Beyond ensuring equality of opportunity, another advantage of this approach is that it would help stop cost inflation. Free public universities would function like the proposed “public option” of healthcare reform. If increased demand for higher education is causing cost inflation, then spending money to reduce tuition at public universities will reduce tuition at private universities by causing them to hold down tuition to compete. This public option would reduce informational problems by creating a baseline of quality that new institutions have to compete with, allowing for a smoother transition to new competitors. And it allows for democratic control over one of the basic elements of human existence—how we gather information and share it among ourselves.
By John Stang
Matt Yglesias writes in his new book The Rent is Too Damn High about how to make urban housing cheaper and its impact on the economy. He notes how right and left politics get in the way of this and how both can offer solutions in different ways:
That’s why housing is so expensive in the major coastal metropolises and also in the core downtown areas of lower-cost midwestern cities. The appropriate policy response is to stop disparaging apartment buildings as tenements and stop preventing developers from building them. People should by no means be “forced” to stop owning and driving cars, but there’s no reason for regulations to incentivize these activities. Progressives and urbanists need to move beyond their romance with central planning and get over their distaste for business and developers. Conservatives need to take their own ideas about economics more seriously and stop seeing all proposals for change through a lens of paranoia and resentment. Lastly, politicians of both parties who like to complain about “regulation” and “red tape” ought to spend some time looking at the specific area of the economy where red tape and regulation are most prevalent.
By John Stang
Josh Barro thinks the deficit problem will solve itself, but politicians like to meddle too much:
You’ll note that I didn’t write that policymakers will have to “take action.” That’s because, if they do nothing, the budget will move toward balance on its own. Last year’s debt ceiling negotiations produced a deal that is scheduled to produce $2.5 trillion in spending cuts over 10 years. Meanwhile, the George W. Bush-era tax cuts are set to expire at the end of December, which would mean an extra $2.8 trillion in revenue.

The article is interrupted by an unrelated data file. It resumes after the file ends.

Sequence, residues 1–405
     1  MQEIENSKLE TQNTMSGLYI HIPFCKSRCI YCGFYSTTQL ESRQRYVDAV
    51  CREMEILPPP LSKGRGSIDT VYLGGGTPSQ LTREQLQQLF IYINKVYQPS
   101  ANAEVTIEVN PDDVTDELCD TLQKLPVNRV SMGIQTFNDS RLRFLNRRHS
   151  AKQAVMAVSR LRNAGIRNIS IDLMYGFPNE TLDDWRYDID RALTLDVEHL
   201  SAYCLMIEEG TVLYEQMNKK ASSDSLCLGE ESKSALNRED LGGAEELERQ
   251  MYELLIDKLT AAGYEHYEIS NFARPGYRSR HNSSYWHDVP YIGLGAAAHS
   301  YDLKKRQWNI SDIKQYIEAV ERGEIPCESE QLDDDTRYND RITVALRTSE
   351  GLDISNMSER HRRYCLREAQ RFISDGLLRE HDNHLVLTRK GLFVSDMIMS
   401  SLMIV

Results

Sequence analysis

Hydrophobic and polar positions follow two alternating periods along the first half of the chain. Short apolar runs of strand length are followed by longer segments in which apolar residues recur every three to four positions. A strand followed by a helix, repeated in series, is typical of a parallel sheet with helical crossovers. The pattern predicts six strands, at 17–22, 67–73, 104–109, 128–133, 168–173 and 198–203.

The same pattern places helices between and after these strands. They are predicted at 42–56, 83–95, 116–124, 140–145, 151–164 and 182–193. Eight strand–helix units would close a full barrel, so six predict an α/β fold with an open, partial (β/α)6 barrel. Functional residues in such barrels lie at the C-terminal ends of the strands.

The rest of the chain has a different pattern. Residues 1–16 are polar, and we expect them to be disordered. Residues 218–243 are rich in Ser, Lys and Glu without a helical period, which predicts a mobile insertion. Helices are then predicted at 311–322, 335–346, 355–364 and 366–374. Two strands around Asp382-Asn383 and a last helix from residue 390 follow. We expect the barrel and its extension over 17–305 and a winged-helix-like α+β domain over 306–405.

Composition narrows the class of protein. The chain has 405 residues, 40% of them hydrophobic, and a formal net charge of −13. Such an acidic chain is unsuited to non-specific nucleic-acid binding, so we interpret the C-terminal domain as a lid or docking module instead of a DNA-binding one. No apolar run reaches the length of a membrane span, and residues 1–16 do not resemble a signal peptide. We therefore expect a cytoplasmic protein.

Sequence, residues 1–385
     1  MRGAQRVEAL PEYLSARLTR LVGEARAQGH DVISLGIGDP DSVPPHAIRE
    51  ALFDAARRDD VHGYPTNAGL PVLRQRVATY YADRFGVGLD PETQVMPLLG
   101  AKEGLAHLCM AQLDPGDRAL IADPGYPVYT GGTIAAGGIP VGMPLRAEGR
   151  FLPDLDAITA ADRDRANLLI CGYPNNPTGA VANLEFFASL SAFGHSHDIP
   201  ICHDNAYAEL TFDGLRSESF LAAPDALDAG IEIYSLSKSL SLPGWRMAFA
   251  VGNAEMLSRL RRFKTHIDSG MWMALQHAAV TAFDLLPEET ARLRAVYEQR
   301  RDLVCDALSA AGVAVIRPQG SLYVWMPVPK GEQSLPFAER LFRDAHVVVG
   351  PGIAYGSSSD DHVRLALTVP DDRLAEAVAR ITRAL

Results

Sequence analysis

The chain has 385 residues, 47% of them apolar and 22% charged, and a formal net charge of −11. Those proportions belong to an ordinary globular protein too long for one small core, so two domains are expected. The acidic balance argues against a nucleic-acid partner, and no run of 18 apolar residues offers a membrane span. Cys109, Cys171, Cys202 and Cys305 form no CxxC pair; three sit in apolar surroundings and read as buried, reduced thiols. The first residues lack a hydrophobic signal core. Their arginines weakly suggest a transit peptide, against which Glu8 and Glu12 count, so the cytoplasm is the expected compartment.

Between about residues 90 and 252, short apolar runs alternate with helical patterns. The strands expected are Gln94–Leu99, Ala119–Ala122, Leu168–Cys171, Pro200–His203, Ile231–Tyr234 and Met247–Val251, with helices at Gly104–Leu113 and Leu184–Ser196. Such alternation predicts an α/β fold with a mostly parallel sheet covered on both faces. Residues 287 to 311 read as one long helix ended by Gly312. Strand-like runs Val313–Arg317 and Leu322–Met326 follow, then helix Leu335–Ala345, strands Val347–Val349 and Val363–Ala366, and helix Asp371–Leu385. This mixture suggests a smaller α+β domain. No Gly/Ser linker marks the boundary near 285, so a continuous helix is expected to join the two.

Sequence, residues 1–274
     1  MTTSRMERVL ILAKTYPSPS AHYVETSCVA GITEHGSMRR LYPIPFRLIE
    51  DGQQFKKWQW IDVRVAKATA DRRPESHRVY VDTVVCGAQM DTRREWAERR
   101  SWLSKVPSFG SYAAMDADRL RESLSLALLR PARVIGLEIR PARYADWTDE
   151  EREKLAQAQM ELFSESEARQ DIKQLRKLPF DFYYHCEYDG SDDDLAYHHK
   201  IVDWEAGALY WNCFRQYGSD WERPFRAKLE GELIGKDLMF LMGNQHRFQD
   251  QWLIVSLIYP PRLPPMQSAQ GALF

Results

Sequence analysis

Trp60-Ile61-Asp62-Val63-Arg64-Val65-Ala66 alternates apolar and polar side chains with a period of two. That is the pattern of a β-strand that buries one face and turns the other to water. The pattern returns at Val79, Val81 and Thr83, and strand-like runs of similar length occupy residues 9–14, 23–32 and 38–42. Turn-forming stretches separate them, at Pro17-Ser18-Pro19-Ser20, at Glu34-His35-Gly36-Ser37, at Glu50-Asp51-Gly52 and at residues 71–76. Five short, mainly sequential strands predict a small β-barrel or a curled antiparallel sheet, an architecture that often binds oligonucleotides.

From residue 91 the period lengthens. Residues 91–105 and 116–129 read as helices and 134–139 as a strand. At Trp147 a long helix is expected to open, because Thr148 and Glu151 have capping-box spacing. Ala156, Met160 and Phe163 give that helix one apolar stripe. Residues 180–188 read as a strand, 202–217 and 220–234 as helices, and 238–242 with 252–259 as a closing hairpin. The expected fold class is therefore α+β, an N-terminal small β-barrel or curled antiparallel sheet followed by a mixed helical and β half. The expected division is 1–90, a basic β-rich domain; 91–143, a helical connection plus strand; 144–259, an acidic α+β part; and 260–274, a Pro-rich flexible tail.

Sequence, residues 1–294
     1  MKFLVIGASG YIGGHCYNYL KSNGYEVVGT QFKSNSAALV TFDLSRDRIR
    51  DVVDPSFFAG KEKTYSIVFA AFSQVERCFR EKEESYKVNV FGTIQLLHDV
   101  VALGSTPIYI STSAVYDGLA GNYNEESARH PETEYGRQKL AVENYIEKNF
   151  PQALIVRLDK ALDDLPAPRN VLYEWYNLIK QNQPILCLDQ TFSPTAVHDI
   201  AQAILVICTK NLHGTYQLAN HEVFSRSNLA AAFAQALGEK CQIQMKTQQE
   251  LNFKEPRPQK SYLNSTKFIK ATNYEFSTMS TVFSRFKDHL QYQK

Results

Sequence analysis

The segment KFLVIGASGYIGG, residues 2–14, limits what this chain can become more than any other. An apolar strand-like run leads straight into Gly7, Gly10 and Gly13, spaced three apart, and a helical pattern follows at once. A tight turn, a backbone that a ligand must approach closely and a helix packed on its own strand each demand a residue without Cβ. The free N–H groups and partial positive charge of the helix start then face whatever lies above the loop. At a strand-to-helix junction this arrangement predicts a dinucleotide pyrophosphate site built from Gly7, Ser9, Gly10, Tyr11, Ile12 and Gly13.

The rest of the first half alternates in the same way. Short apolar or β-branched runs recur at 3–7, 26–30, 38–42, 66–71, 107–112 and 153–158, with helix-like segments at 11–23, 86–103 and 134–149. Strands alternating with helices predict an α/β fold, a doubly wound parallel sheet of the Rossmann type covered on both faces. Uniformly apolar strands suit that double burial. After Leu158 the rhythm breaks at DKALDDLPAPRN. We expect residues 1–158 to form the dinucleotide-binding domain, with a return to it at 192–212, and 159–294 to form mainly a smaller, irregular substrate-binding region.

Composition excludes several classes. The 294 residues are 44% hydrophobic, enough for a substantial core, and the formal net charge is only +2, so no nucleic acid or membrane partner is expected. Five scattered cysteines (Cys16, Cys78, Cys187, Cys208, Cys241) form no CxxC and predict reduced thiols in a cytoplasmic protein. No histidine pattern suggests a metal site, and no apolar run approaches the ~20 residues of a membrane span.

However, it is widely expected that Congress and the President will intervene to stop many of those gap closing measures, just as they have done in the past. Obama remains committed to making permanent the tax cuts that apply on incomes below $250,000, which is about 80% of the total. Republicans want to make all of the cuts permanent, and all of the GOP presidential candidates want to cut taxes even further than that.
By John Stang
Social and moral psychologist Jonathan Haidt believes the biggest motivator for the Tea Party is letting karma take it’s course:
Liberals have difficulty understanding the Tea Party because they think it is a bunch of selfish racists. But I think the Tea Party is driven in large part by concerns about fairness. It’s not fairness as equality of outcomes, it’s fairness as karma—the idea that good deeds will lead to good outcomes and bad deeds will lead to suffering. Many conservatives believe the Democratic party has been the anti-karma party since the ’60s. It’s the party that says, you got pregnant? Don’t worry, have an abortion. You got addicted to drugs? Don’t worry, we’ll give you methadone. It’s the party that absolves you from moral irresponsibility.
The Tea Partiers don’t hate all government: just government they see as subverting karma, subverting moral responsibility. This hatred is, I think, a derivative of their love of proportionality. They’re perfectly happy with social security, a retirement scheme which Franklin D. Roosevelt deliberately portrayed as a form of fairness, you pay in and you get out.